Fugett Middle School Teacher Creates Award-Winning Lesson PlanCongratulations to Fugett Middle School Emotional Support Teacher Jessica Keogh on winning Sarepta Therapeutics’ Rare Lessons Contest. Ms. Keogh developed one of four winning lesson plans that are available to educators and schools nationwide. Her lesson, titled "Empathy," focuses on breaking down stereotypes and barriers for students with disabilities while reinforcing the message "don't judge a book by its cover."Ms. Keogh was born with Muscular Dystrophy, a group of diseases that cause progressive weakness and loss of muscle mass. She began showing symptoms of the disease at 18 months old. Her own experiences as a middle school student sent Keogh on her path toward becoming a teacher."There was what we now call a Life Skills classroom in my school, and there was only one student in that class. My friend and I felt strange that there was only one student and he didn't get a lot of social interaction so we would go in there and do some, what I now know to be social skills, with him like reading books and playing games," said Ms. Keogh.Ms. Keogh has been with West Chester Area School District for the past six years. She is currently pursuing a doctorate in education at West Chester University. She is focused on the importance of how disabilities are represented in K-12 curriculum and how that impacts the future success of students.Sarepta Therapeutics' Rare Lessons Contest is intended to promote the development and implementation of educational materials to increase rare disease awareness in the K-12 classroom setting. The competition was open to educators in grades K-12, based in the United States, and actively teaching in an accredited educational institution. Ms. Keogh's lesson, along with the other winning entries, are available on sharemylesson.com.Watch the video to learn more about Ms. Keogh and her winning Rare Lessons Plan.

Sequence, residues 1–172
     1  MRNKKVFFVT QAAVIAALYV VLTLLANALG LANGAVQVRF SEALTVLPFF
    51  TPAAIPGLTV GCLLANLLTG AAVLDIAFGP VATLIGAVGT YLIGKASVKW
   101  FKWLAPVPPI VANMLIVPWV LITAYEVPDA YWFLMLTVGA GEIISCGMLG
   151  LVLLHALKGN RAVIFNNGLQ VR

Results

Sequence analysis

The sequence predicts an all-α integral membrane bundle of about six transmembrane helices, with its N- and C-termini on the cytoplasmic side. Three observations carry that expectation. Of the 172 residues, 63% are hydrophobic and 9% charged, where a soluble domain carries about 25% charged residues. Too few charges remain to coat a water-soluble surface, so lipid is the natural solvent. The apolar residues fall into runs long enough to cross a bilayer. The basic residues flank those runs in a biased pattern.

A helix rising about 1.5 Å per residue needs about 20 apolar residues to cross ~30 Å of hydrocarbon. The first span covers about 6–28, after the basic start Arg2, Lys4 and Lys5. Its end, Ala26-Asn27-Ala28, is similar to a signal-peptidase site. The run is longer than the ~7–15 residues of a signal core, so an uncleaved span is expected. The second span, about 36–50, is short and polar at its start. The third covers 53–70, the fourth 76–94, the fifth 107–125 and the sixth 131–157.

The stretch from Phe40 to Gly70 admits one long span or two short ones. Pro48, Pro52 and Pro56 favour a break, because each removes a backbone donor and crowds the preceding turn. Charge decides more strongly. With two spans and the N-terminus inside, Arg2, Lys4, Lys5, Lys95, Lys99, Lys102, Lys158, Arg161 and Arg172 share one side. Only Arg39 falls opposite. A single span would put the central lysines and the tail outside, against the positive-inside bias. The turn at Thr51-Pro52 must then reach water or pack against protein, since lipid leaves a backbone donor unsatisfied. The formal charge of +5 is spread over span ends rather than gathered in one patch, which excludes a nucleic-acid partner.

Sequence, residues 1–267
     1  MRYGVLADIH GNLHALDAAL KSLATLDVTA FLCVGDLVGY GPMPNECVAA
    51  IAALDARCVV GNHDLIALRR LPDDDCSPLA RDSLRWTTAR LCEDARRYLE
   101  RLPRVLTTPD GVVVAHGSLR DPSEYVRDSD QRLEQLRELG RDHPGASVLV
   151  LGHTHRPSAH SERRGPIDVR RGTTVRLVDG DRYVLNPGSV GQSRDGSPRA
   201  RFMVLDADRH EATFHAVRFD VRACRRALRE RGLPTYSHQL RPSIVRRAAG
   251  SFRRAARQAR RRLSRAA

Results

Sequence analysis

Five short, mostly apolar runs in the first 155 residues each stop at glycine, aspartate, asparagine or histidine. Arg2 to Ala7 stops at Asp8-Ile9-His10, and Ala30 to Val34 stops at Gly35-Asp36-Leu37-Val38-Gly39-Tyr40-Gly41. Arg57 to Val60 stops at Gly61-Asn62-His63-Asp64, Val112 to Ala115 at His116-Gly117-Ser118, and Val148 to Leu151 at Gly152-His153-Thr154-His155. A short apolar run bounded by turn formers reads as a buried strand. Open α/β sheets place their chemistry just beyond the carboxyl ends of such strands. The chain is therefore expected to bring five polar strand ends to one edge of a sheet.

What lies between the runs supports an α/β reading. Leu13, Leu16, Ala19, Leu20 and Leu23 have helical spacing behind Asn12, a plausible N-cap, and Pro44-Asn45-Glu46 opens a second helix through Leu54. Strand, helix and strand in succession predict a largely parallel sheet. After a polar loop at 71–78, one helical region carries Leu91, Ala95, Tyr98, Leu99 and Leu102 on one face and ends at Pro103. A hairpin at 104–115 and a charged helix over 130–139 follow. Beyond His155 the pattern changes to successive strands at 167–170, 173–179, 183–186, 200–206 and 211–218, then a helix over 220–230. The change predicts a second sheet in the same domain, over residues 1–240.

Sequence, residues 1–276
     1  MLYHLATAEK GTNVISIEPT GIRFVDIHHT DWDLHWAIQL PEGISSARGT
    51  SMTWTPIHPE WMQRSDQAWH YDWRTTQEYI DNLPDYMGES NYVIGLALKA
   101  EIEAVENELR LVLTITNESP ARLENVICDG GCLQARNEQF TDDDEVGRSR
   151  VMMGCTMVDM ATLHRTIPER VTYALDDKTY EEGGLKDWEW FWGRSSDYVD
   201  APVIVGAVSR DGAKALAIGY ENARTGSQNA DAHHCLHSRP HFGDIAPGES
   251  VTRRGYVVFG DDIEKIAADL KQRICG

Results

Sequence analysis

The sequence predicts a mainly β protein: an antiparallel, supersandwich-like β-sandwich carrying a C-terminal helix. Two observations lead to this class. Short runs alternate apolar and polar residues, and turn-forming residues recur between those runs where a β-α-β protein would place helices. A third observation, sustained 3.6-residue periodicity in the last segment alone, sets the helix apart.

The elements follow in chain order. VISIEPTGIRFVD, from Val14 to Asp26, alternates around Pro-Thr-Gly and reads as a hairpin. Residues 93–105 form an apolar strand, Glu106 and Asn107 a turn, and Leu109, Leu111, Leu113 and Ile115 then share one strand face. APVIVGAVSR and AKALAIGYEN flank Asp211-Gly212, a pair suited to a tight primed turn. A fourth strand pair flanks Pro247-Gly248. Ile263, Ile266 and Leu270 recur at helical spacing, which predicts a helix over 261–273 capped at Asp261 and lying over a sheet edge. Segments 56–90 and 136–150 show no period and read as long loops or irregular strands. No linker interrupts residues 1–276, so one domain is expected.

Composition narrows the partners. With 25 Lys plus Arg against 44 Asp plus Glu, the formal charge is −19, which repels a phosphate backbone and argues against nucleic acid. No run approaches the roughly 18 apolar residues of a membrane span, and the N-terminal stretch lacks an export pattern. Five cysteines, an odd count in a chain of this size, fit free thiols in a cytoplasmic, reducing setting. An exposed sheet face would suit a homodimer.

Fugett Middle School Students Sing to Fight Hunger During COVID-19